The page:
Cirque Lodge > Blog > All Posts > The Most Important Relationship in Recovery Is With Yourself

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Addiction and Self-Love

Addiction can bring with it unhelpful patterns of shame and self-hatred. It can leave you thinking that you’re worthless or somehow a bad person for suffering from an addiction. You can even end up blaming yourself for the problems you’re facing.

What’s the result of all of this toxic shame and negativity? Essentially, you can become estranged from yourself. Building back a loving and kind relationship with yourself is, therefore, a vital part of recovery. You can learn to be kind to yourself again!

Overcoming Toxic Shame

Unfortunately, toxic shame is a common part of many of our addiction stories. Toxic shame is a feeling that you aren’t worth anything. Unlike guilt, it’s not about a specific action and its effects - it’s a bad feeling about who you are as a person.

Negative messages from parental figures and media outlets about what it means to be addicted can leave you feeling ashamed, not only about your behavior but the very core of your being. This damages your relationship with yourself, which can drive you further into addiction.

A common misconception about addressing toxic shame is that you have to go back and confront the people who made you feel this way in the first place. However, that’s not the most important thing. The most important thing is healing the damage your addiction has done to your relationship with yourself.

Healing Estrangement from Yourself

Addiction often occurs as a coping mechanism for stress. We can distract ourselves from difficult feelings and thoughts by abusing drugs, alcohol, or even particularly rewarding behaviors such as gambling or sex. Although this can feel like it’s helping in the moment, it eventually leads us to become estranged from our own thoughts and feelings.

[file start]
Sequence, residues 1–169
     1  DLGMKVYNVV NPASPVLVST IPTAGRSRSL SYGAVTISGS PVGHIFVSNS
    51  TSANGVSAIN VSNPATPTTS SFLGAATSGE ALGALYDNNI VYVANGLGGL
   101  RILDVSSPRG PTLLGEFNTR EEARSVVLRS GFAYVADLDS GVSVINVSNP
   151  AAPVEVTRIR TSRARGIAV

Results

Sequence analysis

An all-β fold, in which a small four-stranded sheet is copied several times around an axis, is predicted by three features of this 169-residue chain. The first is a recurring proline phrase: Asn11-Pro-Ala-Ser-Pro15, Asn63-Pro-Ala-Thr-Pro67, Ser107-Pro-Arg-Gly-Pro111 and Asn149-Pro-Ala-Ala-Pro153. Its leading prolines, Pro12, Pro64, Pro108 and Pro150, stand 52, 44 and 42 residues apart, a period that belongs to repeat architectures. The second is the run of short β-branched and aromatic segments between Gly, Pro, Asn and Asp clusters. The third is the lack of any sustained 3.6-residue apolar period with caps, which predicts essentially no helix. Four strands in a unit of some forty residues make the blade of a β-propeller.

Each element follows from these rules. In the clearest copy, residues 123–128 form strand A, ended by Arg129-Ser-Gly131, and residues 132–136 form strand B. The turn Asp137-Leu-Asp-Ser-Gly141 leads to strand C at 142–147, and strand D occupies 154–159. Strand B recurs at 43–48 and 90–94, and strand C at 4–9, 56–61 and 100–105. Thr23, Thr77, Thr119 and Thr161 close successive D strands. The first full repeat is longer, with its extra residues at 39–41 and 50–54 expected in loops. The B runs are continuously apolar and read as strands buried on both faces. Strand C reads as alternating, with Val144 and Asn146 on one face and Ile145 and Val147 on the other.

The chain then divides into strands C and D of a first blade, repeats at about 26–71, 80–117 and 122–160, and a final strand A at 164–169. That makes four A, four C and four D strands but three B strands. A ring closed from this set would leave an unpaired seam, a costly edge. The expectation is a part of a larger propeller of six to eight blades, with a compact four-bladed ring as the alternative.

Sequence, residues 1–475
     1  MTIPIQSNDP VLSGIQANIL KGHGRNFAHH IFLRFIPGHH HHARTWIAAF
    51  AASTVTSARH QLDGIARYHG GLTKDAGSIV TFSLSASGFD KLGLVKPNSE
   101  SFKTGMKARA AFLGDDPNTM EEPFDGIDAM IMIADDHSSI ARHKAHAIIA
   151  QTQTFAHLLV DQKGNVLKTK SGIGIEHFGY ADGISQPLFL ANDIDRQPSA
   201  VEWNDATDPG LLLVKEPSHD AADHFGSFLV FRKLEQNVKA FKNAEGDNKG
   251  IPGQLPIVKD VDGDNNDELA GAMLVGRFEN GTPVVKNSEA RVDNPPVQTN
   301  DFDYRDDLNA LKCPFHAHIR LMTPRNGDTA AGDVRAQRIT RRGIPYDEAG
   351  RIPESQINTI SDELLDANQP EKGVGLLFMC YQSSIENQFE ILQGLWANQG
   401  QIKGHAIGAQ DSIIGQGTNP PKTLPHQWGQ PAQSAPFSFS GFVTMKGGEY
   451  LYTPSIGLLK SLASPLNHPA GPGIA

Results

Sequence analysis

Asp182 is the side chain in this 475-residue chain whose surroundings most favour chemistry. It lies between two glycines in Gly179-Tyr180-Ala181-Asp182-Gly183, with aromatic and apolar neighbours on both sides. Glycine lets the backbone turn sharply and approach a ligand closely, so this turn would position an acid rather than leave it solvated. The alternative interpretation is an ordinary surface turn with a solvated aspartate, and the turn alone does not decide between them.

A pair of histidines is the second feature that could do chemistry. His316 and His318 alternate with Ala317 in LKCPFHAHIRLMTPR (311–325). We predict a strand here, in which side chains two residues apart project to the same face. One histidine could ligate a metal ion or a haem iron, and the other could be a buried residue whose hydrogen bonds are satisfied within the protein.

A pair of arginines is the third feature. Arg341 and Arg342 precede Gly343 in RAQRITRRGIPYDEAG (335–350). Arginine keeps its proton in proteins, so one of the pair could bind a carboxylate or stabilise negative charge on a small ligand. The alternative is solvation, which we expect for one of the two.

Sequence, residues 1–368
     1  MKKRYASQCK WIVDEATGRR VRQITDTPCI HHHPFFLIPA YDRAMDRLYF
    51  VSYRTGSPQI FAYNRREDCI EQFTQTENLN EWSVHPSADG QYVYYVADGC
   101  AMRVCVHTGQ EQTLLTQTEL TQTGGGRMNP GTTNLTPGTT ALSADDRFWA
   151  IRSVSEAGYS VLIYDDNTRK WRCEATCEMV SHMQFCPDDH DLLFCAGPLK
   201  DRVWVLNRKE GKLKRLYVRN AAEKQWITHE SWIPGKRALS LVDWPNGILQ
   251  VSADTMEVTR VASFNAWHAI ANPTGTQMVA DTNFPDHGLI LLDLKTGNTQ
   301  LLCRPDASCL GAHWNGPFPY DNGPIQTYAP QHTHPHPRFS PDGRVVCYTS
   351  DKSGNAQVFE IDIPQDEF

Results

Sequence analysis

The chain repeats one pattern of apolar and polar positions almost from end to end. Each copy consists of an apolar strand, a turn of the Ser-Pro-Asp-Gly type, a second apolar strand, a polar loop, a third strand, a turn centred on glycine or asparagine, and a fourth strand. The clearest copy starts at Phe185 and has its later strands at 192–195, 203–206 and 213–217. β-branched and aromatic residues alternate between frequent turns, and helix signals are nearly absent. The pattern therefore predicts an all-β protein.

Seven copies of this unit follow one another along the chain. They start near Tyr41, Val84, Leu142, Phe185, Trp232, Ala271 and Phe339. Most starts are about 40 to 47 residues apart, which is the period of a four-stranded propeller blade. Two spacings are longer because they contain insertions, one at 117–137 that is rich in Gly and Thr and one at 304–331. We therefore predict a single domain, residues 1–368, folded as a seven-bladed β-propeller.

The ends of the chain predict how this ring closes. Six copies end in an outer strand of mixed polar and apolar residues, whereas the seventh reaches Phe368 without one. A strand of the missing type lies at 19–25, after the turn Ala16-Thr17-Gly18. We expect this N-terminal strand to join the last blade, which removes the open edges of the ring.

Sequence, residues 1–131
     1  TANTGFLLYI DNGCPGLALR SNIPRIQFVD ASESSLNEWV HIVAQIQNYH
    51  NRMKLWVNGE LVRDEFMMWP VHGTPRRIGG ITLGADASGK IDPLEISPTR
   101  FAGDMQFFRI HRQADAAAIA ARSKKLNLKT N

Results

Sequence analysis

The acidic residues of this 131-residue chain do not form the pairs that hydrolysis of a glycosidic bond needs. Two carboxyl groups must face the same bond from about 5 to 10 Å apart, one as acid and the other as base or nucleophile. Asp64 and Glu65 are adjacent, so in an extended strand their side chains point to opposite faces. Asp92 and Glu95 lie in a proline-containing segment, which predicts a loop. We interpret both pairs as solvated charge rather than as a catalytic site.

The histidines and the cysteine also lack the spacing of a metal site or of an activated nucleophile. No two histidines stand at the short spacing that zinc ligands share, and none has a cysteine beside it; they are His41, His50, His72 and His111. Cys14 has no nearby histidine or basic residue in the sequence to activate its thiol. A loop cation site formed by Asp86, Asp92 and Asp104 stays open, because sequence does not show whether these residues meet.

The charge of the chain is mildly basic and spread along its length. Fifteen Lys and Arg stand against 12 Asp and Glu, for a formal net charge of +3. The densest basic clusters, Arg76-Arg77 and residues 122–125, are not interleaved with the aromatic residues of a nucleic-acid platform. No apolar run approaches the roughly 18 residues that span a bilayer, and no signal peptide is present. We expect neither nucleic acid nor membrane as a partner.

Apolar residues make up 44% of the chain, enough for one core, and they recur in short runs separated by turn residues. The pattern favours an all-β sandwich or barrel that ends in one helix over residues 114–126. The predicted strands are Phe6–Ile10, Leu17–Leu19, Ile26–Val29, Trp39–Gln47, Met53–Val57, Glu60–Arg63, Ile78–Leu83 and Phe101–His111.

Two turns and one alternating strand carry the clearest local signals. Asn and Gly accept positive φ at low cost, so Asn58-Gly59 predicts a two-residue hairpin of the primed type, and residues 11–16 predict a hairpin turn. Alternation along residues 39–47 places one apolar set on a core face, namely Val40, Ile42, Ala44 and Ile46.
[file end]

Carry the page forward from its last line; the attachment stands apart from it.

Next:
An important step in recovery is feeling safe enough to come back to ourselves and experience our own thoughts and feelings again, without the need to distract. It’s now time to heal that relationship. Therefore, building up a positive relationship with yourself is a vital part of your recovery process.

How to Be Kind to Yourself

Here are some core ways to build up your self-kindness and heal your relationship with yourself:

1.  Acknowledge Your Mistakes

Many of us have toxic ideas about perfection, and a lot of us don’t know how to acknowledge when we’ve messed up. Learning to acknowledge yourself and others when you’ve made a mistake can help you realize that everything will be okay. Try honest journaling to build this skill.

2.  Reward Your Own Progress

You don’t have to wait for other people to recognize and acknowledge how far you’ve come. Try scheduling regular treats for yourself to celebrate your own progress. Make sure they’re small - you shouldn’t have to make it one year sober before you congratulate yourself!

For example, you could schedule a movie night with a friend to celebrate being two weeks sober. You could treat yourself to some ice cream when you overcome a stressful moment at work without going back to harmful coping mechanisms. Or you could go on a fun solo weekend adventure to a nearby city to celebrate overcoming a particular recovery hurdle in therapy.

3.  Celebrate Your Strengths

None of us are perfect, but we all have strengths and the capacity to do good in the world. Think of someone you love - don’t they have so many amazing qualities? Rebuilding your relationship with yourself means learning to be able to recognize these good things in yourself as well.

To get started, you could try to list a few good things about yourself on a piece of paper and carry it around with you in your cell phone case. It doesn’t have to be long. It can be as small as:

  • I am loving
  • I am committed to helping others
  • I listen well
  • I try and learn from others
  • I’m resilient
  • I’ve got a lot to teach the world
  • I fight to make the world a better place

To Conclude

You don’t have to become best friends with yourself overnight - build up your relationship with yourself slowly with little acts of kindness, and the kindness will become easier as you progress through your recovery journey.[/et_pb_text][/et_pb_column][/et_pb_row][/et_pb_section]

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